We also required all immigrants to report their change of addresses. This immediately overwhelmed the system and it proved to be a total waste of manpower, money, and time. What terrorist is ever going to report their correct information? The number of interrogations increased for Muslims based on religion, the profiling of Muslims at airports, and the closing down of charities based on the fear they supported terrorism. The updated immigration laws, with the Secure Communities Act, empowered local law enforcement agencies to become mini-immigration agents.

This new act in my opinion really spread racial profiling across the very fabric of our country. During routine traffic stops we allowed local enforcement officers the ability to question a person’s immigration status with no reasonable doubt. This created horrible problems in our communities and alienated our own citizens. It is easy for the police to find a reason for pulling you over. We have seen this played out before in African American communities.

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Where is the federal over-site of these activities when local law enforcement is enforcing immigration laws? What civil liberties did we crush and how many people’s lives were forever changed by these discriminatory practices? In the end, is our country safer due to racial profiling? The answer is no, the benefit did not outweigh the cost.

Half of U.S. Muslims say they find it more difficult to live in this country since the September 11, 2001, terrorist attacks, according to Pew Research Center surveys. Acts of violence against Muslims broke out immediately following 9-11 and have been prevalent ever since. Four days after the attacks, Balbir Singh Sodhi, a Sikh-American man, was shot and killed in Mesa, Arizona. The gunman wrongly assumed Sodhi was Muslim because he wore a turban. In 2001, the FBI recorded 93 anti-Muslim assaults — a number that was not eclipsed until 2016, when the bureau recorded 127 such incidents.” 

It was discussed in class that it can take up to three generations for immigrants to fully assimilate into our country. Taylor and Shaw point out that this process includes the immigrant population shedding their beliefs and culture and then accepting America. I am sure this is a very hard process for some. There is nothing wrong with anyone holding onto their religion and their way of life. This is what has made this country great. Each wave of immigration has brought many positive aspects to our country. It is as if we take the best things from around the world to make a better place for all.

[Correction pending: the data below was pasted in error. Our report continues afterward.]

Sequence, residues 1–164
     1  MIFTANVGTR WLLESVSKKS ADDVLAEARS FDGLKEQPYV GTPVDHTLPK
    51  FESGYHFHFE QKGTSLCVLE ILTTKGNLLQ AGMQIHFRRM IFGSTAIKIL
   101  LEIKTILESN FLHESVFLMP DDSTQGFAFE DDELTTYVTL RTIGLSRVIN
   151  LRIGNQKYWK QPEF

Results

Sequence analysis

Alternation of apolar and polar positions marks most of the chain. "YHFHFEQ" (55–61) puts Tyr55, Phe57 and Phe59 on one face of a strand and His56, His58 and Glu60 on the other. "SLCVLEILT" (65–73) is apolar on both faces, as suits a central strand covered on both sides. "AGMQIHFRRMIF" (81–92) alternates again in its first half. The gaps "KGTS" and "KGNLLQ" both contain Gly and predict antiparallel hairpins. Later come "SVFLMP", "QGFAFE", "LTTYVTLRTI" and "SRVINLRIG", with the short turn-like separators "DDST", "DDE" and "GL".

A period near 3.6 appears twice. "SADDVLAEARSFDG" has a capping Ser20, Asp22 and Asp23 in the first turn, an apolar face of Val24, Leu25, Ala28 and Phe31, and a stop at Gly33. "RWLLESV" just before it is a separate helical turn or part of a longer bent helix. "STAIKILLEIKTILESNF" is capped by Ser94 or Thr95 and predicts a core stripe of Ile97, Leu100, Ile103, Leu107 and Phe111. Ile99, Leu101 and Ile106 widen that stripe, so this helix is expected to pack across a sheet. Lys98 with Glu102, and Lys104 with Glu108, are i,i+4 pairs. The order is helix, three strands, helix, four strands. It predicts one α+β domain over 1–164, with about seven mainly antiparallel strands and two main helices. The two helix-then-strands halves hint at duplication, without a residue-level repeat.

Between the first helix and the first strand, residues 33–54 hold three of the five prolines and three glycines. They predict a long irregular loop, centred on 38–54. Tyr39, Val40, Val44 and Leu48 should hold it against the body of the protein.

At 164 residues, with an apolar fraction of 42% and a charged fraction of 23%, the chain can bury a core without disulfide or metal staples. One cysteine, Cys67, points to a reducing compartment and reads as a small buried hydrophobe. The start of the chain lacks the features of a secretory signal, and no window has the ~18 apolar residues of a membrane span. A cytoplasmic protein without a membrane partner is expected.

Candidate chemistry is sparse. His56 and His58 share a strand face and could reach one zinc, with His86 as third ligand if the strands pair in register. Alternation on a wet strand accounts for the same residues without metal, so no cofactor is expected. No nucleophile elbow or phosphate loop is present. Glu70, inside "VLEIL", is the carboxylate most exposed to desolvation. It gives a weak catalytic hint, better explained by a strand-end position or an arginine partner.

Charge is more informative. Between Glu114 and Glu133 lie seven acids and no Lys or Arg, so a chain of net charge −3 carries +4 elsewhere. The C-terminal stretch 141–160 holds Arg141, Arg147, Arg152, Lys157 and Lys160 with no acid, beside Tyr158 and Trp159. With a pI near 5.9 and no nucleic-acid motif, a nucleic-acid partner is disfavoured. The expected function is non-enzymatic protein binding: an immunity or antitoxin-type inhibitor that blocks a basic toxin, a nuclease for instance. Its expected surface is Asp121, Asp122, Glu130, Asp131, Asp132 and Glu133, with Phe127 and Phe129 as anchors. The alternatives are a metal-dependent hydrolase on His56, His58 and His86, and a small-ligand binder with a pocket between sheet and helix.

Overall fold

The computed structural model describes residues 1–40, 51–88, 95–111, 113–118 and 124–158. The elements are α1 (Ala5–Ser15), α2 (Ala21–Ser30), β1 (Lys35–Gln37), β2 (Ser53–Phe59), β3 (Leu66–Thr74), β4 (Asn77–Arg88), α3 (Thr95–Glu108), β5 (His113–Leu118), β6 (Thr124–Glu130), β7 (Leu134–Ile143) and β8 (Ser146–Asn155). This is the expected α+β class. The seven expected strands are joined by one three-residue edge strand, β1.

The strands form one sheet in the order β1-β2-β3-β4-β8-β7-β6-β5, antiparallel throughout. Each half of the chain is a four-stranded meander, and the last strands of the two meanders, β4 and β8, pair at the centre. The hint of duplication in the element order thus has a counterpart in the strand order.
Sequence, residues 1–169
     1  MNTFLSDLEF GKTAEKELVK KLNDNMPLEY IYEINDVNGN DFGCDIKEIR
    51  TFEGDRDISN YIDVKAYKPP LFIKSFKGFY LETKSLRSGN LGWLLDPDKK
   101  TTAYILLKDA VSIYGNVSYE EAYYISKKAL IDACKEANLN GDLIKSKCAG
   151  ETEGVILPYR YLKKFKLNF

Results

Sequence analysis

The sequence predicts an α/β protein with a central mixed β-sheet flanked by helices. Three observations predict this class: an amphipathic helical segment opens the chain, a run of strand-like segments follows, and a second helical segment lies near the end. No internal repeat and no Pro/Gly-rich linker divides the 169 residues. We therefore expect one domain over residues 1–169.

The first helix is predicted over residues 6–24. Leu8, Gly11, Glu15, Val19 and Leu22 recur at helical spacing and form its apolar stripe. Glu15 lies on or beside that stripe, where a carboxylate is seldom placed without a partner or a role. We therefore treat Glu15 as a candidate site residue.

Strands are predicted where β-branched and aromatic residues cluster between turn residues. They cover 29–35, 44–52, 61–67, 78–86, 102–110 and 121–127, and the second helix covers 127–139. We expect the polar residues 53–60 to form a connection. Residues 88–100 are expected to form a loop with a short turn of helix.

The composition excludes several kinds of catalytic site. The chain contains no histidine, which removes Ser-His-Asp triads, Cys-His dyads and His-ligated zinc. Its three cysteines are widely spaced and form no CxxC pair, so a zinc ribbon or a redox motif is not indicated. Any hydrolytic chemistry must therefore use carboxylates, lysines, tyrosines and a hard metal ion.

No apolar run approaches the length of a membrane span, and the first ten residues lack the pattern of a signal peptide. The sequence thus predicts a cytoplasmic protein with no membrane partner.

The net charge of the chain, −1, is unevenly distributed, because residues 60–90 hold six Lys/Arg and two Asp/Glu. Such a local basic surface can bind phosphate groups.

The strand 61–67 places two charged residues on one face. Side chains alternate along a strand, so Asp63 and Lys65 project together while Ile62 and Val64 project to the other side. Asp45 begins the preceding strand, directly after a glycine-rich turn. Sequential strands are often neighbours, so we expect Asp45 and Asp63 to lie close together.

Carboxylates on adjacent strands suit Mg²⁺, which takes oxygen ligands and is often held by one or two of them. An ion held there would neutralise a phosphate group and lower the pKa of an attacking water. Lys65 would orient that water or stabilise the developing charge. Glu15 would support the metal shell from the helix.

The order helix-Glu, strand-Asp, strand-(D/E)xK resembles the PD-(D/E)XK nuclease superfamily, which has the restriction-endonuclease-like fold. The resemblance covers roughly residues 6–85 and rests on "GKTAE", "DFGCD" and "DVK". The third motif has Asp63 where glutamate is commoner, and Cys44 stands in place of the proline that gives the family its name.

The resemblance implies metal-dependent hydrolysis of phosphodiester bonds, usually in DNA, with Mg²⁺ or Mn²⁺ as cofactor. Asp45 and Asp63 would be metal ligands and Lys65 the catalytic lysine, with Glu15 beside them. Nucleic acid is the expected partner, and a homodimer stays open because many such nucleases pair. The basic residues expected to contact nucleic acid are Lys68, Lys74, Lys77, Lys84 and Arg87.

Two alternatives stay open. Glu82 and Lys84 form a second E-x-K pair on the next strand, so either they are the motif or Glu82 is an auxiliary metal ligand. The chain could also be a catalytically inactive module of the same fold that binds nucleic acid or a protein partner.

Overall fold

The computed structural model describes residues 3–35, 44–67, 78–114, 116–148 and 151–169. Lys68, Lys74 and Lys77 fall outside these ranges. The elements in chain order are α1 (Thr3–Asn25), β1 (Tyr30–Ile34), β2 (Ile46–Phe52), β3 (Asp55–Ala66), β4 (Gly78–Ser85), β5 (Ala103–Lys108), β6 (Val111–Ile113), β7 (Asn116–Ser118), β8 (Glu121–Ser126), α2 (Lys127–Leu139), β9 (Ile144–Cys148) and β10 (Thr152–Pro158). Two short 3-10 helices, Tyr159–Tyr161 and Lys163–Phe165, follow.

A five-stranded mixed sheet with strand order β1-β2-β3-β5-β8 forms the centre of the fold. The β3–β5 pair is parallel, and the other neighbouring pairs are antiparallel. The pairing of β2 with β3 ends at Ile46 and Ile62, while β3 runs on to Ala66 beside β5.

Taylor-Shaw discusses the seven steps to the assimilation process. These include Acculturation, Structural, Marital, Identification, Attitude Reception, Behavior Reception, and Civic Assimilation. How immigrants process through these phases is largely dependent on their race, religion, and nation of origin. We still suffer from racism and bias in this nation. We have experienced throughout our history with the African Americans, Irish, Italians, Chinese, Japanese, Hispanics, etc.

“According to the Census Bureau, despite making up only 16 percent of the resident population holding a bachelor’s degree or higher, immigrants represent 33 percent of engineers, 27 percent of mathematicians, statisticians, and computer scientists, and 24 percent of physical scientists. Additionally, according to the Partnership for a New American Economy, in 2011, foreign-born inventors were credited with contributing to more than 75 percent of patents issued to the top 10 patent-producing universities.”